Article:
We had a jar of mango scented honey in the cupboard that I had been waiting to try out, so that’s what I used here. You can also stir through chopped nuts, dried fruit, coconut flakes or anything you wanted really before the chocolate sets. It sets completely hard like real chocolate but keep it in a relatively cool place to avoid it melting. And you can use it in place of recipes that call for melted chocolate for a sugar-free vegan alternative! Win Win 🙂 

One Year Ago: Carrot Muffins with Bush Honey Icing

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Natural Raw Chocolate: 

100g (3.5 ounces) raw cacao powder, well sifted

100g (3.5 ounces) raw cocoa butter, roughly chopped

100ml (3.5 fluid ounces) raw honey, maple syrup or agave nectar

 Place a pot with a few inches of water over your lowest heat with a bowl placed on top. Heat the water until boiling, then turn off the heat. Put the cocoa butter in the bowl and allow to melt completely at a low temperature, to avoid killing the nutrients. In a medium bowl, mix the cocoa, sweetener of choice and cocoa butter well. Whilst still warm and runny, pour your chocolate into little cupcake moulds or chocolate moulds. Silicone will be easiest to remove later! Allow to cool completely in the fridge and then keep at room temperature. The chocolate lasts well for ages and makes great presents. This amount made 30 tiny cupcake moulds of chocolate, and you can easily increase or decrease to suit. Enjoy!

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Tropical Fruits and Coconut Granola Bars (vegan and gluten free!)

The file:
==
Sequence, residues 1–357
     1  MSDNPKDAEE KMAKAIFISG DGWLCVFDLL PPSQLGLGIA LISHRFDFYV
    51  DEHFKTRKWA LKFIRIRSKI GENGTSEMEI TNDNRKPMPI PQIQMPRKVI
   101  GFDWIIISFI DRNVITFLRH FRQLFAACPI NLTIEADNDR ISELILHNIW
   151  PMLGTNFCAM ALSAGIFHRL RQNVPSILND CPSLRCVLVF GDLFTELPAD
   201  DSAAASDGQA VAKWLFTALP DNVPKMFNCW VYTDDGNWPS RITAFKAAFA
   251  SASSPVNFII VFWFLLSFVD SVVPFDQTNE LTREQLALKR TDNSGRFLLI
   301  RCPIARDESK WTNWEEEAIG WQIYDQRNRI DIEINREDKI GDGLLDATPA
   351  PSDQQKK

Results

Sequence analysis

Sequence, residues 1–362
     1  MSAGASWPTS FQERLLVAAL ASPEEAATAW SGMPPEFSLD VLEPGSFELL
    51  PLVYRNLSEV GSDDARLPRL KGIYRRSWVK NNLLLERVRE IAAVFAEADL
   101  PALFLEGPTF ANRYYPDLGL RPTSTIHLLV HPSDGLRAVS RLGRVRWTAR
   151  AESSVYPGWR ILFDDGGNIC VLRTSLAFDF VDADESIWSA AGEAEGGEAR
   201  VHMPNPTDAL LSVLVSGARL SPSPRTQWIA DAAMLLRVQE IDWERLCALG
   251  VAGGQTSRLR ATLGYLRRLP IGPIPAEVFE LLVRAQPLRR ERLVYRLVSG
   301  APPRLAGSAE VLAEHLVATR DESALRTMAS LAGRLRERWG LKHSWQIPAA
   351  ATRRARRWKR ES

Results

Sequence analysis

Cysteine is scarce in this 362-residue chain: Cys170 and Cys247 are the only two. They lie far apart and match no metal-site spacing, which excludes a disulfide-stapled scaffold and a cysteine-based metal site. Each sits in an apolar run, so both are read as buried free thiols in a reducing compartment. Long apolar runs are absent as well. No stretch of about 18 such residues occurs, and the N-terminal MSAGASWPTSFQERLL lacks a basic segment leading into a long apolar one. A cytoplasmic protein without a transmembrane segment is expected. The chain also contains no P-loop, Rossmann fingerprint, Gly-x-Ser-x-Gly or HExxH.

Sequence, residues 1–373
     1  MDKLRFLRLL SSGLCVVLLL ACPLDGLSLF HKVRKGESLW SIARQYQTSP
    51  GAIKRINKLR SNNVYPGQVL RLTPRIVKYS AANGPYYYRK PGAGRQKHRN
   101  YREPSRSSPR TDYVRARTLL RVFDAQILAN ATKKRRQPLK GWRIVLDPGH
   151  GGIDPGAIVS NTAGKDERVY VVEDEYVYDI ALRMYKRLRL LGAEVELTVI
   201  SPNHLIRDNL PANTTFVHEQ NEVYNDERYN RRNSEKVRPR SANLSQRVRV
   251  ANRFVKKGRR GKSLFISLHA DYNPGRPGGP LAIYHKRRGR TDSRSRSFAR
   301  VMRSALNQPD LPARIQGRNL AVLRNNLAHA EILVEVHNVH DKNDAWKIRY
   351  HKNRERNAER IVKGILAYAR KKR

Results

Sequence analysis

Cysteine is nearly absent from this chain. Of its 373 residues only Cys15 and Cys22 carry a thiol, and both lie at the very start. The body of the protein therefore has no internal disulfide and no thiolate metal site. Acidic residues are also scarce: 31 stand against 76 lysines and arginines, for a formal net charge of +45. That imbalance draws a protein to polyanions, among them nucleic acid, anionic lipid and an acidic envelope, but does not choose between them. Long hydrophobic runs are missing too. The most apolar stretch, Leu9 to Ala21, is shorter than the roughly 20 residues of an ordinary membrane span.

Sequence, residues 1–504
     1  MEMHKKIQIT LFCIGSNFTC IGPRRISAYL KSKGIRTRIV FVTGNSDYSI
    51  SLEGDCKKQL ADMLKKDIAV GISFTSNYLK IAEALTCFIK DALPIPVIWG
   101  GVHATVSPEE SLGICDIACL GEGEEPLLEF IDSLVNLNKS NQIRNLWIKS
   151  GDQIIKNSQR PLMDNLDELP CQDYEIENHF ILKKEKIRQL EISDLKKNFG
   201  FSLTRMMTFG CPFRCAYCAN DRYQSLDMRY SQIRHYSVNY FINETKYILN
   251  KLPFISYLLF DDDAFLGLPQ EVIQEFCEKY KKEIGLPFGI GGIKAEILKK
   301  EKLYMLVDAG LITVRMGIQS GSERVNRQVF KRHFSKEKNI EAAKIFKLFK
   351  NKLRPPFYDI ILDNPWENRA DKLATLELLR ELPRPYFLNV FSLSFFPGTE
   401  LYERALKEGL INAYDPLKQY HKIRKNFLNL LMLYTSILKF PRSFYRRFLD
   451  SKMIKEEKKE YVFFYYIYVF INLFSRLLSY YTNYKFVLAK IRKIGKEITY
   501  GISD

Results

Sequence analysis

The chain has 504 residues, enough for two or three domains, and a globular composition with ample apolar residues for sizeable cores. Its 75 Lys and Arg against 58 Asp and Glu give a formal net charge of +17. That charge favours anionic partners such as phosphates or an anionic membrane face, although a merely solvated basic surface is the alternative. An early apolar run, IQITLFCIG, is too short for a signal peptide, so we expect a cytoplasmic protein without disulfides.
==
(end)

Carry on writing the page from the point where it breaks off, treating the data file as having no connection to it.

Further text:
Vegan, Gluten Free, Low Fat, Sugar Free

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 At the end of my two month holiday a few months ago, for the first time in my whole trip I had two days by myself. I left my sister and friend at a bus stop in Sukhotai, Thailand and began the seven hour journey back to Bangkok on my own. I shed a little tear watching my friends getting smaller through the window, knowing I wouldn’t see them for a whole month. It’s strange spending every waking minute with someone for so long, and then suddenly not at all. 

By the time I arrived in Bangkok the sun was setting. By the time I got to my hotel and checked in, it was well and truly dark. I had told myself I would get my last street food meal for dinner that night, but I confess I got a veggie subway and a bag of fresh fruit instead. Sitting in my hotel room eating mango slices, watching reruns of The Texas Bachelorette, I felt homesick for the first time. I missed my dog, I missed my family and the friends who I hadn’t seen in weeks. But mainly I just missed talking to people I knew.